Eye Movement Desensitization and Reprocessing (EMDR) is an interesting and complex approach to psychotherapy that incorporates much of the wisdom of other therapies. Although most people have come to associate it with eye movement, the fact is that EMDR is an accelerated form of information processing that includes an eight phase approach and numerous procedural elements that contribute to its success. EMDR is used within a comprehensive treatment plan to promote your recovery from your difficulty/ies.
Everyone is always asking how EMDR works. We are not sure. Dr. Daniel J. Siegel is a psychiatrist who has taken an interest in this question about EMDR. Also, he is an Associate Clinical Professor at the UCLA Center for Culture, Brain and Development and author of The Developing Mind: Toward a Neurobiology of Interpersonal Experience and Co-author of Parenting from the Inside Out: How a Deeper Self-Understanding Can Help You Raise Children Who Thrive. Here are some of his thoughts about EMDR:
“The mind, which can be defined as the process that regulates the flow of energy and information, is encouraged to process memory and emotion in an efficient and therapeutic manner. As with other forms of psychotherapy, we do not yet know exactly how the healing process occurs in the mind or in the neural processes of the brain. Some authors have proposed that trauma involves an impairment in the integration of various forms of mental processes, such ac memory, emotion, perception, and interpersonal communication, so that individuals may feel excessively constrained or at times flooded in the overall functioning of their minds. From a neural point of view, such an impairment in mental processes may be seen as due to a blockage in “neural integration,” the manner in which the brain brings its circuitry into a functional whole.
From this perspective, healing in psychotherapy would involve the development of the circuits that enable neural integration to occur in the brain. Areas such as the prefrontal cortex, the hippocampus, the corpus callosum, and the cerebellum are regions that may facilitate neural integration and thus are those that may be changing in effective therapy. EMDR may be particularly effective at promoting neural integration through the ways in which its phases activate distinctive processes in the brain, such as thoughts, emotions, memories, and bodily sensations. As the phases progress in EMDR, neural integration may be proposed to be the brain process that is being facilitated during the various phases of treatment. The result of effectively promoting neural integration would be both the alleviation of symptoms and the development of an enhanced sense of wellbeing internally a well as more rewarding experiences interpersonally.”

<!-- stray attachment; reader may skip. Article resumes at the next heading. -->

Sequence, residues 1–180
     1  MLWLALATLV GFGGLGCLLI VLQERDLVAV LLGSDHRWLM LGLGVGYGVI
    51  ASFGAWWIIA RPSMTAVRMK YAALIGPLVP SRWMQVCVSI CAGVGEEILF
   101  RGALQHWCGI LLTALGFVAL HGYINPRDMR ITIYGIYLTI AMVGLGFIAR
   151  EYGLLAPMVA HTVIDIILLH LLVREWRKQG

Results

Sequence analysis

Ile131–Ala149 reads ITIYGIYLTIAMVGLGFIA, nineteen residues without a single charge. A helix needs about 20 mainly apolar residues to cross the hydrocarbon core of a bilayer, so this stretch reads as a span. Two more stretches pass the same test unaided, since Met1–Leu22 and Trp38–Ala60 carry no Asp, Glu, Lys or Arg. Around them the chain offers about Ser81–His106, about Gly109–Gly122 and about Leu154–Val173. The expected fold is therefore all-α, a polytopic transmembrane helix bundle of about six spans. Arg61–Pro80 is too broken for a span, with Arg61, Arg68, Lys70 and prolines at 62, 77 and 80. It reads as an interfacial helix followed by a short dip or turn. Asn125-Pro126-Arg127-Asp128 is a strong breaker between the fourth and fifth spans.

To date, there are fourteen controlled studies that support the idea that EMDR works well in the treatment of trauma. EMDR is one of the most thoroughly researched methods for these types of problems. In the most recent 5 studies, 84-90% of the people that have had to cope with rape, combat, loss of a loved one, accidents or natural disasters, no longer had post-traumatic stress disorder after only three treatment sessions. Another study underwritten by Kaiser-Permanente, aCaliforniamanaged care company, found that EMDR was twice as effective in half the time when compared to the standard type of treatment.